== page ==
Why team building matters

Having a high level of employee engagement remains one of the biggest challenges facing business managers. Countless studies show how engaged employees will result in higher productivity and improved retention and enable recruitment, innovation, and profitability.

However, being engaged is not always the same as being productive. Indeed, in a recent study of a Fortune 500 company, nearly 25% of employees were found to be engaged yet chose to work less. Arguably there are cases where people score highly in terms of employee engagement because they can coast, which is the antithesis of what business managers are looking to achieve.

Equally, without due attention to employee engagement, the downsides are clear: research conducted by Sirota Intelligence on Fortune 500 companies showed that in 85% of cases, employees’ morale declined sharply after their first six months working for the company.

Why is this happening and how can it be avoided?

The key is to understand what employees want from their workplace. Research shows the main criteria include:

The Employer’s Brand
In the digital era, thanks to portals such as glassdoor, an employer’s brand are becoming increasingly tangible, enabling potential recruits to investigate the company they are interviewing with ahead of time. Indeed, 75% of job seekers would consider an employer’s brand before applying for a job. In the same way, if a company invests in its brand, this is seen by existing employees, resulting in immediate benefits there too.

Training & Development
People want to feel they are developing their skills for their preferred career path. Nothing is more demotivating than for people to feel that their career amounts to doing the same thing every day, with no opportunity for development. But enabling people to take a step up requires businesses to invest in training people, which can be a considerable financial commitment.

Though it is a finical commitment, the business can gain from developing their employees’ skills. However, this creative talent needs to be managed accordingly to gain the most benefits. Find out more on Managing Creative Talent – your own and your employees.

Compensation
The challenge concerning compensation is balancing what the cost of the employee is currently versus what their transfer salary is should they decide to leave. Studies show that whilst employees will accept a small deficit between what they currently earn and what they would earn elsewhere, that can only be temporary, meaning that only having annual salary reviews can directly lead to disengagement. Having a more flexible culture where salary reviews are more frequent is recommended.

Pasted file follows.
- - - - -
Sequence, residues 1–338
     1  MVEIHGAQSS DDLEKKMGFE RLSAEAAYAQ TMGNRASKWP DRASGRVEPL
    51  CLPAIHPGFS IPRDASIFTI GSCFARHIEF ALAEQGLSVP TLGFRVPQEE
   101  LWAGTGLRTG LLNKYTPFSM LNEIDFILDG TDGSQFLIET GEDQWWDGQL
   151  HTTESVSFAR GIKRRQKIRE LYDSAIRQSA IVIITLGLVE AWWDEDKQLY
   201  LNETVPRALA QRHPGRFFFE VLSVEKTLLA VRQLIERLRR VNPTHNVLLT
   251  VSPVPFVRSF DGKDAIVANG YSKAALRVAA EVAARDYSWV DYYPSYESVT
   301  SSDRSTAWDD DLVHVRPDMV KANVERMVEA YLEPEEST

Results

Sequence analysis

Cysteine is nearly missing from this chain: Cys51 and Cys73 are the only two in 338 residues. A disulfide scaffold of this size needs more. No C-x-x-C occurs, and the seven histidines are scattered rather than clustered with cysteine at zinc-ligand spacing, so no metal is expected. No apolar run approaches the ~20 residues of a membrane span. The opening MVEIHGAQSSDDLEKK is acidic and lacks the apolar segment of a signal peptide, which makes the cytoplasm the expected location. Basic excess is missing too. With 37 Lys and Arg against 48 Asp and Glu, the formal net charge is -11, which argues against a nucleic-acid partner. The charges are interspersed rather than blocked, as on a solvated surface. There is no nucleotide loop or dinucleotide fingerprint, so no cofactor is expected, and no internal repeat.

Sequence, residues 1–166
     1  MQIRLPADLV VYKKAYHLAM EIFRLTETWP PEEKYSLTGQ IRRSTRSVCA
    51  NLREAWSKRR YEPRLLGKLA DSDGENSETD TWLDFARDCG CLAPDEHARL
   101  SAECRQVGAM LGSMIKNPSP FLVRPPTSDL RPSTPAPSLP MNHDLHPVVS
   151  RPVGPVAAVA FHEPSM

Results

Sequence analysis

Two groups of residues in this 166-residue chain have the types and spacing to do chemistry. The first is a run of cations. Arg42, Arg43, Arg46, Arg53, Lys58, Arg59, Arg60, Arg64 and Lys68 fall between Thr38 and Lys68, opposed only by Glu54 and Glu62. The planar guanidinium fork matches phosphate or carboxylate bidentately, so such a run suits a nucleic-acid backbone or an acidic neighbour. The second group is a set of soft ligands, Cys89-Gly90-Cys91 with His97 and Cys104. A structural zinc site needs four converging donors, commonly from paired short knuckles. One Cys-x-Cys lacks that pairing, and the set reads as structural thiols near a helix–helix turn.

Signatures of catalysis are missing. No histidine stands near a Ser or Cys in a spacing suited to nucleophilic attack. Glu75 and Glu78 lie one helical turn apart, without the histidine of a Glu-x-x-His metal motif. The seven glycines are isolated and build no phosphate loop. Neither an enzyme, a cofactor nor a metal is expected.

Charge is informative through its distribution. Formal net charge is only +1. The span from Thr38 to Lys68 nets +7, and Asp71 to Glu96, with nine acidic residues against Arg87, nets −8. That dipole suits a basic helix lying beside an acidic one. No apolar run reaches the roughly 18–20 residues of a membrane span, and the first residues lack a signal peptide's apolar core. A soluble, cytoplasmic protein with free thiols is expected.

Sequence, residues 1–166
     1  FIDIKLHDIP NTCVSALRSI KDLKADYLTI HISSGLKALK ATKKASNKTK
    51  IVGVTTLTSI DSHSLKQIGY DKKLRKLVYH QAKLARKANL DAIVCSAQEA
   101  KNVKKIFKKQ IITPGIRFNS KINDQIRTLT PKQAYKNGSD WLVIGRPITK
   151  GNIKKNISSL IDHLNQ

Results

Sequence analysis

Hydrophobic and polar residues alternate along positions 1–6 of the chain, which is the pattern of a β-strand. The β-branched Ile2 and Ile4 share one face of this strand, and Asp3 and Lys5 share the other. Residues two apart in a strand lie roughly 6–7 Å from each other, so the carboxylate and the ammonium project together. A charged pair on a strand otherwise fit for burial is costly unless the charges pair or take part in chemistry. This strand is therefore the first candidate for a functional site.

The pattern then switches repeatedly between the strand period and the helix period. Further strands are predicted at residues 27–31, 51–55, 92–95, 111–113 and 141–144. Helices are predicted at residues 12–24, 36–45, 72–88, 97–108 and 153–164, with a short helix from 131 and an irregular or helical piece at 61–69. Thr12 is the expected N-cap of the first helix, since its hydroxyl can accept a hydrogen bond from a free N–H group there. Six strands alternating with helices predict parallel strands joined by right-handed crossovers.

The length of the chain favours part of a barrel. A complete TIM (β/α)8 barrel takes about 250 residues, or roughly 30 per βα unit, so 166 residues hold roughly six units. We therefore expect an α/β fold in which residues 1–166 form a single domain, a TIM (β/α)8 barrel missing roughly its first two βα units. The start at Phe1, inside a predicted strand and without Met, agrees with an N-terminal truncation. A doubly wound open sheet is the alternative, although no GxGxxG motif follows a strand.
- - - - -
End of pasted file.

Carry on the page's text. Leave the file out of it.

Management Style
When employees have issues with their direct managers, that is often the most likely reason they decide to leave their company. In the absence of exit interviews, that can be difficult to identify as the cause, making it a dangerous point for retention. How managers are assessed needs to incorporate how engaged their teams are. Demoting managers should be done if that is necessary to protect overall engagement.

Peer Group
Positive working relationships with colleagues is something that is the hardest for business managers to facilitate. People come to work to pursue their professional careers and earn money, but their environment in terms of who they work with day to day is out of their control. In this environment, it is easy for hiring managers to pursue a mono-culture strategy, in the knowledge that people will be more likely to get on with people they can identify with. Equally, an office that lacks diversity has its drawbacks.

With that in mind, team building comes to the fore. Arguably only through management choosing to implement a strategy that engenders good working relationships between peers can happen. Not all team building needs to be expensive. Indeed just inviting out the team for a meal constitutes team building and gives them the chance to get to know each other outside the confines of their professional existence.

Especially with the rise of remote working, team building can be challenging when building a new team. John Moore, managing director at Exponential Training, has excellent insights on remote working.

For managers who want to invest more in team building, recommended exercises include volunteering, team sports, field trips, or professional development exercises. Finally, remember investing in team building needs to be a process, not a one-off. Consistently implementing exercises designed to facilitate engagement will be seen as genuine, wherein the millennial generation being an employer people want to work for is becoming increasingly valuable.

Over the last ten years, I  have worked with professional services firms of all sizes to help them map out market activity to identify demand changes. For more information about how we can help, please contact me.

About the author: Larysa Hale
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